Whatchamacallits

He was a member of a unique group of artisans. To our family he was Dad, Grandpa, Uncle Art or just plain Art.  He was my father-in-law and I called him Pop.

You see, Pop was a junker and he took a lot of flak for that.  You know the saying, “One man’s junk is another man’s treasure.”  Well Pop was a treasure hunter.  He was always able to look beyond the intrinsic value of an object and imagine the possibilities.  And we were all beneficiaries of that imagination.  If you knew Art Pencek, or someone like him, look around, you probably have one of their creations.

Pop never struggled with nomenclature for his artifacts… to him they were all just whatchamacallits. Whatchamacallits came all sizes, shapes and colors.  It’s origin may or may not have been a junk pile. But in our family, to be an official whatchamacallit, it had to be hand made, repainted, or refurbished by Pop.

You’re still not clear on what a whatchamacallit is?  You know that little thing you stand on when you can’t reach the very top shelf?  Toddlers sometimes stand on it to reach the wash basin in the bathroom?  That’s a whatchamacallit and we’ve got one.

You know that flat thing you put on the kitchen counter to carve your meat on? That’s a whatchamacallit and we’ve got two.  One for the Sunday roast and a giant one for the holiday turkey.

Then there’s those cast aluminum L shaped whatchamacallits you put at each end of a stack of books to hold them up.  Ours depicts two foundry workers pouring a mold. I have a pair of those right here on my computer desk and if you know the story, they are truly collector’s items.

Did you need a very special whatchamacallit?  Say a special thingy to open the waste valve on the wing of a Boeing 707?  Stop by Pop’s basement workshop, he’d manufacture a custom one for you, from materials at hand.  You need one?  I know a grandson of his who’s got one… but he probably won’t let you have it. And the shop is closed now. You see, this year is the 10th Anniversary of Pop’s death.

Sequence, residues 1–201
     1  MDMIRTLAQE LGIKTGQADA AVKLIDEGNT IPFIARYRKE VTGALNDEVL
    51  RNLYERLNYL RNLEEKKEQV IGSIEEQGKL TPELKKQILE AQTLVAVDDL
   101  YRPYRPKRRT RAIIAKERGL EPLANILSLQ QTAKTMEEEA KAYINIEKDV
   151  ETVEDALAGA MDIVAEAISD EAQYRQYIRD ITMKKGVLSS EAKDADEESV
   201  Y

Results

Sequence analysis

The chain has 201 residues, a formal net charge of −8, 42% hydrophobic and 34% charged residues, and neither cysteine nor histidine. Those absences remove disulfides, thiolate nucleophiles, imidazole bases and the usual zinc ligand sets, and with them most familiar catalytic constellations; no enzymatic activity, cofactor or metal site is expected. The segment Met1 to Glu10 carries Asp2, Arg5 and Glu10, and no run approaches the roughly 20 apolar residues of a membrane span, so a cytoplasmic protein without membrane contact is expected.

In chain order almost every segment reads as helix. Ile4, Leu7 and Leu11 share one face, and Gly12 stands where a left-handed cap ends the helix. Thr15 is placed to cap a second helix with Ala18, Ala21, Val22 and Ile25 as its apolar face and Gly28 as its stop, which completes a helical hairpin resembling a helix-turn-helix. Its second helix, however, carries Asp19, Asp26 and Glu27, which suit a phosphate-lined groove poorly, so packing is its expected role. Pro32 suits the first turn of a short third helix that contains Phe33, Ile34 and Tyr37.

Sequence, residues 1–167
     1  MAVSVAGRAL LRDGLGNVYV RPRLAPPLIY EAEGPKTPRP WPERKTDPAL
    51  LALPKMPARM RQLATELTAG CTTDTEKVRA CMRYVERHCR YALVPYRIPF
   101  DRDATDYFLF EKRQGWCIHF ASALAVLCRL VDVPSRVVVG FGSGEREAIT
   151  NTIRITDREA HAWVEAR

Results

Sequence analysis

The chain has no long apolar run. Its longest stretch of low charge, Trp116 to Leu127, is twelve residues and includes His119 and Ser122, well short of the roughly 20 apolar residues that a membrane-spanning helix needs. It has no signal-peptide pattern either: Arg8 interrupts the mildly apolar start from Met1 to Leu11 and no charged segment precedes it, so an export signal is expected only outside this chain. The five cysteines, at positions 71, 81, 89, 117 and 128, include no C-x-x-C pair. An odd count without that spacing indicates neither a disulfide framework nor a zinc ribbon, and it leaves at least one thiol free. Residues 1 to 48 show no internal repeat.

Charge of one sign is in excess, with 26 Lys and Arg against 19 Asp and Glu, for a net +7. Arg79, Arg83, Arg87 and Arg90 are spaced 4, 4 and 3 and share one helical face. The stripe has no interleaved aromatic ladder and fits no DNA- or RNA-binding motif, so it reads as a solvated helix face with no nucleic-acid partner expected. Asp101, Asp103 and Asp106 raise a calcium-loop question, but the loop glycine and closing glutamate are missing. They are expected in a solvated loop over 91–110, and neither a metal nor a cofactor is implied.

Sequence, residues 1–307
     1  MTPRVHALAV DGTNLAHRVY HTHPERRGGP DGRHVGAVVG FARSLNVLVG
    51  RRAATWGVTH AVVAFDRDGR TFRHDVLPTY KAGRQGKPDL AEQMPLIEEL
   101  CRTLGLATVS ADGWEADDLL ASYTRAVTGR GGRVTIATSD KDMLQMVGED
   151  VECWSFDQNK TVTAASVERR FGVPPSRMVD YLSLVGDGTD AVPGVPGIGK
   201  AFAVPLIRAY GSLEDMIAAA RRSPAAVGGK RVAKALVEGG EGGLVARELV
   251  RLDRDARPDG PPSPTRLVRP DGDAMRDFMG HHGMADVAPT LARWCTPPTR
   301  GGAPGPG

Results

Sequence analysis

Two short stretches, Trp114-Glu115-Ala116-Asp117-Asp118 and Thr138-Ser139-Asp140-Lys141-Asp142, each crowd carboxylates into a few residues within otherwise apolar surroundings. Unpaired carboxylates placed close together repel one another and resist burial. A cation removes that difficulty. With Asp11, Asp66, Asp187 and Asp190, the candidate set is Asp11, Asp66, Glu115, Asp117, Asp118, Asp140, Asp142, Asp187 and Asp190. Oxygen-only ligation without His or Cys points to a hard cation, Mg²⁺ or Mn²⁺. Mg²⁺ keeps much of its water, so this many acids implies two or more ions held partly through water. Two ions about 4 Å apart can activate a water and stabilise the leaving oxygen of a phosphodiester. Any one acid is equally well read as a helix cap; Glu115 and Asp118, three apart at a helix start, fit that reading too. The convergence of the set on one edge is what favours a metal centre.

So take a moment.  Look around your home, shop, garage.  See any whatchamacallits?  Then you knew Arthur Herman Pencek or a kindred spirit of his.

I looked around.  We have a whatchamacallit in almost every room in the house. There are several more in the garage.  We were lucky.  We knew him well.  We love you Pop.

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2 Comments on “Whatchamacallits”

  1. Craig Arthur Padar says:

    I’m proud to have been the beneficiary of several whatchamacalits, as well as having some artisan blood in my veins. My brothers will sometimes come by to ask if I have some obscure tool to perform some specific task. Some times I do (some tool undoubtedly salvaged from Grampa’s basement) but other times I’ll ask “what do you need it to do?” Then we’ll set out looking for something that’ll work or manufacturing what we need.

    At a jobsite I saw a Dayton upright air compressor that was set to be scrapped and it ended up back at my place. It was “re-tooled” a bit and was proudly dedicated “The Arthur Herman Pencek Memorial Smoker” We have since smoked a few dozen trout, over 60 lbs of homemade sausage, and over 200 pieces of fresh-caught salmon.

    It can be inconvenient to have a basement and garage full of “great raw materials” but it doesn’t stop me from bringing more back from jobsites (I only select the good stuff these days). But I wear it like a badge of honor when I can solve a problem or create a custom solution.

    P.S.We almost had another Arthur in the family 5 years ago (name picked out), but we got a Marjorie instead.


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